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Labor productivity: a comparative analysis of the European Union and United States, for the period 1994-2007

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  • Rafael Fernández
  • Enrique Palazuelos
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    Abstract

    This Working Ppaer confirms that labor productivity in the European economies has continued to slow down in recent years. U.S. productivity growth has been higher than in the EU, but only since 2001. At the same time, both economies have modified previous employment performance: EU employment growth is now higher than in U.S. This article proposes that productivity growth be explained by demand dynamics, and investment in particular, not forgetting the influence of employment, along with other factors such as new technologies.

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    File URL: http://www.peri.umass.edu/fileadmin/pdf/working_papers/working_papers_201-250/WP208.pdf
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    Bibliographic Info

    Paper provided by Political Economy Research Institute, University of Massachusetts at Amherst in its series Working Papers with number wp208.

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    Date of creation: 2009
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    Handle: RePEc:uma:periwp:wp208

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    Related research

    Keywords: Labor Productivity; Demand; Employment; Labor Markets; Economic Sectors;

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    1. Olivier Blanchard & Justin Wolfers, 1999. "The Role of Shocks and Institutions in the Rise of European Unemployment: The Aggregate Evidence," NBER Working Papers 7282, National Bureau of Economic Research, Inc.
    2. Marcel P. Timmer & Bart van Ark, 2005. "Does information and communication technology drive EU-US productivity growth differentials?," Oxford Economic Papers, Oxford University Press, vol. 57(4), pages 693-716, October.
    3. Stephen D. Oliner & Daniel E. Sichel, 2000. "The resurgence of growth in the late 1990s: is information technology the story?," Proceedings, Federal Reserve Bank of San Francisco, Federal Reserve Bank of San Francisco.
    4. C. W. M. Naastepad, 2006. "Technology, demand and distribution: a cumulative growth model with an application to the Dutch productivity growth slowdown," Cambridge Journal of Economics, Oxford University Press, Oxford University Press, vol. 30(3), pages 403-434, May.
    5. Maria Savona & André Lorentz, 2006. "Demand and Technology Determinants of Structural Change and Tertiarisation: An Input-Output Structural Decomposition Analysis for four OECD Countries," Working Papers of BETA 2006-01, Bureau d'Economie Théorique et Appliquée, UDS, Strasbourg.
    6. Ian Dew-Becker & Robert J. Gordon, 2008. "The Role of Labor Market Changes in the Slowdown of European Productivity Growth," NBER Working Papers 13840, National Bureau of Economic Research, Inc.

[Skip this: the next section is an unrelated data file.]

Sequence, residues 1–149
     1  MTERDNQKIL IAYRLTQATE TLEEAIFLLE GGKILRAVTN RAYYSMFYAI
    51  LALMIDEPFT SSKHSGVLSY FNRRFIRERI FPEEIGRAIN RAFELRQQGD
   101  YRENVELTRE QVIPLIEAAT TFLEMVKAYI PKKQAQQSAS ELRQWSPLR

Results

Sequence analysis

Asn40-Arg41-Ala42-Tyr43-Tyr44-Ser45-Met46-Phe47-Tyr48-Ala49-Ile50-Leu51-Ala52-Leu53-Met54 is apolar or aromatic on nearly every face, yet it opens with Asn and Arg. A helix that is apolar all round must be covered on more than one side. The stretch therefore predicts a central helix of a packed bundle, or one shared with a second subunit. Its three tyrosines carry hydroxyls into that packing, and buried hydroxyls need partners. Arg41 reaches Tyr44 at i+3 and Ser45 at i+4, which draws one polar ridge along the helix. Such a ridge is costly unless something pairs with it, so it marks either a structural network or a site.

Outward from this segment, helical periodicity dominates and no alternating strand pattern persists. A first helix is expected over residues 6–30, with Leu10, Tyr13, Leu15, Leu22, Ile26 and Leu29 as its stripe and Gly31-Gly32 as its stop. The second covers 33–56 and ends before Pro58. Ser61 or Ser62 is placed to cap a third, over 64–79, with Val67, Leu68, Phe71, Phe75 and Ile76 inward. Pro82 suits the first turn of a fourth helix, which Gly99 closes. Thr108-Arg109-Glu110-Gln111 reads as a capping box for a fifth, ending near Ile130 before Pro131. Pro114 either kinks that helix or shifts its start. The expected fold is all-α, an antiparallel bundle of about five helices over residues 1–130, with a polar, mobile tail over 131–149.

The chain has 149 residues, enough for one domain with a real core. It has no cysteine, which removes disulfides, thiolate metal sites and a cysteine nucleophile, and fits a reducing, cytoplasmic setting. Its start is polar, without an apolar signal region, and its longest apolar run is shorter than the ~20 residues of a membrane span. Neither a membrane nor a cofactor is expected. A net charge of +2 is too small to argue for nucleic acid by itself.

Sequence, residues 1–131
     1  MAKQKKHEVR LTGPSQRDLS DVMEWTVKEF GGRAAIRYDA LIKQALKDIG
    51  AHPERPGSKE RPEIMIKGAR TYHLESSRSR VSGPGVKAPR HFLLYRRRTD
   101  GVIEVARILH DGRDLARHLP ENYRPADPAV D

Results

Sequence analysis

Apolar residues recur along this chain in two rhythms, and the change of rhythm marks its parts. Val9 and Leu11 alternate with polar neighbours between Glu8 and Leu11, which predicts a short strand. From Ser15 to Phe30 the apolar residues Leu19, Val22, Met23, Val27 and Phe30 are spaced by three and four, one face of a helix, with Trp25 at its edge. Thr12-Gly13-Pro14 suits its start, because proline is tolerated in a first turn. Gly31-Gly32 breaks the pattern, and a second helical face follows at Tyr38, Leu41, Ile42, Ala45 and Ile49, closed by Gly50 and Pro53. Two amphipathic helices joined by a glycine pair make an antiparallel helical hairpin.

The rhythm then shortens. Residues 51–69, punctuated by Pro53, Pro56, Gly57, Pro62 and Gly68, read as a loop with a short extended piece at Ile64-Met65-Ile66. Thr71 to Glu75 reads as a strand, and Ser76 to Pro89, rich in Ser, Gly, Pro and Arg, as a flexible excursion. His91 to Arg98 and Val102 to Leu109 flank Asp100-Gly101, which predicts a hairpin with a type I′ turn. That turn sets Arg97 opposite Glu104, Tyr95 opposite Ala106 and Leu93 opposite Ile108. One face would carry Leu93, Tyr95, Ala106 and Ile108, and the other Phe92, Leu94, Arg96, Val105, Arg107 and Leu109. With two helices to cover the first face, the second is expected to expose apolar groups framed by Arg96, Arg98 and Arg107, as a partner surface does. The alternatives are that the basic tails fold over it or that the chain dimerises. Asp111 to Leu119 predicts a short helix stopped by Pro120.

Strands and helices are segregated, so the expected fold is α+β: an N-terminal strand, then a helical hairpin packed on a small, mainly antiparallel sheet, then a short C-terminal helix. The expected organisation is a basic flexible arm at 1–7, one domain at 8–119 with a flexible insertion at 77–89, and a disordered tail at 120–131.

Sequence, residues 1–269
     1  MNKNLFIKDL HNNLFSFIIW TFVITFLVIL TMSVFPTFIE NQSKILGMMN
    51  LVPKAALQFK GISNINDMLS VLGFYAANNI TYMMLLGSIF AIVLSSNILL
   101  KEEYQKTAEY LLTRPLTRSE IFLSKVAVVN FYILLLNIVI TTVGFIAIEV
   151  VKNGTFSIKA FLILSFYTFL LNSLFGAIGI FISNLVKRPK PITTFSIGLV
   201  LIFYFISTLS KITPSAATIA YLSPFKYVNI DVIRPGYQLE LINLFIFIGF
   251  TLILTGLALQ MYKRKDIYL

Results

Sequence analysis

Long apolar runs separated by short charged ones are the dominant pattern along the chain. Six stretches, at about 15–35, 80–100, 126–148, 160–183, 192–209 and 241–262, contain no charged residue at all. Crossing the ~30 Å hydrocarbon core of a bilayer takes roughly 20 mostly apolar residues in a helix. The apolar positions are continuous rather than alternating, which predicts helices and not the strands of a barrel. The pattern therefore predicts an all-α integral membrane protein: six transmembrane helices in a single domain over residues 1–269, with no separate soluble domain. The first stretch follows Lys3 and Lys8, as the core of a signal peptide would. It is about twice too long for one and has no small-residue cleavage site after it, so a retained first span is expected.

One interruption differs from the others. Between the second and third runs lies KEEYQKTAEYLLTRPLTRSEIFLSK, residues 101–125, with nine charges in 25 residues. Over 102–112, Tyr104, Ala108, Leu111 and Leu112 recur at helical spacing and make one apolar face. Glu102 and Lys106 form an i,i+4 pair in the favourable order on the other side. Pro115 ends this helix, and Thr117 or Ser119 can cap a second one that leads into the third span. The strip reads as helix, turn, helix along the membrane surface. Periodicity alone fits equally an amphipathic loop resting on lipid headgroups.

7. Olivier Blanchard, 2004. "The Economic Future of Europe," Journal of Economic Perspectives, American Economic Association, vol. 18(4), pages 3-26, Fall.
    8. Andrea Bassanini & Stefano Scarpetta & Philip Hemmings, 2001. "Economic Growth: The Role of Policies and Institutions: Panel Data. Evidence from OECD Countries," OECD Economics Department Working Papers 283, OECD Publishing.
    9. Stephen D. Oliner & Daniel E. Sichel, 2002. "Information technology and productivity: where are we now and where are we going?," Finance and Economics Discussion Series, Board of Governors of the Federal Reserve System (U.S.) 2002-29, Board of Governors of the Federal Reserve System (U.S.).
    10. Kevin J. Stiroh, 2001. "Information technology and the U.S. productivity revival: what do the industry data say?," Staff Reports 115, Federal Reserve Bank of New York.
    11. Ark, Bart van & Inklaar, Robert & McGuckin, Robert H., 2003. "ICT and productivity in Europe and the United States," CCSO Working Papers, University of Groningen, CCSO Centre for Economic Research 200311, University of Groningen, CCSO Centre for Economic Research.
    12. Martin Neil Baily & Jacob Funk Kirkegaard, 2004. "Transforming the European Economy," Peterson Institute Press: All Books, Peterson Institute for International Economics, Peterson Institute for International Economics, number 353, July.
    13. Alesina, Alberto F & Glaeser, Edward L & Sacerdote, Bruce, 2005. "Work and Leisure in the US and Europe: Why So Different?," CEPR Discussion Papers, C.E.P.R. Discussion Papers 5140, C.E.P.R. Discussion Papers.
    14. David R. Howell & Dean Baker & Andrew Glyn & John Schmitt, 2006. "Are Protective Labor Market Institutions Really at the Root of Unemployment? A Critical Perspective on the Statistical Evidence," CEPR Reports and Issue Briefs, Center for Economic and Policy Research (CEPR) 2006-14, Center for Economic and Policy Research (CEPR).
    15. Robert J. Gordon, 2003. "Exploding Productivity Growth: Context, Causes, and Implications," Brookings Papers on Economic Activity, Economic Studies Program, The Brookings Institution, vol. 34(2), pages 207-298.
    16. van Ark, Bart & Inklaar, Robert, 2006. "Catching up or getting stuck? Europe's troubles to exploit ICT's productivity potential," GGDC Research Memorandum, Groningen Growth and Development Centre, University of Groningen GD-79, Groningen Growth and Development Centre, University of Groningen.
    17. Stiroh, Kevin J, 2002. "Are ICT Spillovers Driving the New Economy?," Review of Income and Wealth, International Association for Research in Income and Wealth, vol. 48(1), pages 33-57, March.
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